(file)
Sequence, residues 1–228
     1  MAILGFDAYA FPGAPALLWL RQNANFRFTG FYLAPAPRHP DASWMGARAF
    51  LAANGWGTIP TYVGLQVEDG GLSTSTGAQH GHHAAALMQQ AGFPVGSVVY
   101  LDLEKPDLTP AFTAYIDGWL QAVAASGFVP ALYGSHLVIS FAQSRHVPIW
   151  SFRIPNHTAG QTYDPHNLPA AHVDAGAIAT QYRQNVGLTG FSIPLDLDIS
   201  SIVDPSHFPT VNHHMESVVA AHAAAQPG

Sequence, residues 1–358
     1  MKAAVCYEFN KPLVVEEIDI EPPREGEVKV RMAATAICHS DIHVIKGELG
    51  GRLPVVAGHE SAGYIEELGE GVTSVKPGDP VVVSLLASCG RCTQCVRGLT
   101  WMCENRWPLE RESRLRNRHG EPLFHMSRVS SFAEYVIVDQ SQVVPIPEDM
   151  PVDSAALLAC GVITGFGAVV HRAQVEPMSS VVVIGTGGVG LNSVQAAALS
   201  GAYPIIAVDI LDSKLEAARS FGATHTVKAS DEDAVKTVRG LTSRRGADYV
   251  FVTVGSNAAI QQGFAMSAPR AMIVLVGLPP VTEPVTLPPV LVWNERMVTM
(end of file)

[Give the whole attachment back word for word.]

Sequence, residues 1–228
     1  MAILGFDAYA FPGAPALLWL RQNANFRFTG FYLAPAPRHP DASWMGARAF
    51  LAANGWGTIP TYVGLQVEDG GLSTSTGAQH GHHAAALMQQ AGFPVGSVVY
   101  LDLEKPDLTP AFTAYIDGWL QAVAASGFVP ALYGSHLVIS FAQSRHVPIW
   151  SFRIPNHTAG QTYDPHNLPA AHVDAGAIAT QYRQNVGLTG FSIPLDLDIS
   201  SIVDPSHFPT VNHHMESVVA AHAAAQPG

Sequence, residues 1–358
     1  MKAAVCYEFN KPLVVEEIDI EPPREGEVKV RMAATAICHS DIHVIKGELG
    51  GRLPVVAGHE SAGYIEELGE GVTSVKPGDP VVVSLLASCG RCTQCVRGLT
   101  WMCENRWPLE RESRLRNRHG EPLFHMSRVS SFAEYVIVDQ SQVVPIPEDM
   151  PVDSAALLAC GVITGFGAVV HRAQVEPMSS VVVIGTGGVG LNSVQAAALS
   201  GAYPIIAVDI LDSKLEAARS FGATHTVKAS DEDAVKTVRG LTSRRGADYV
   251  FVTVGSNAAI QQGFAMSAPR AMIVLVGLPP VTEPVTLPPV LVWNERMVTM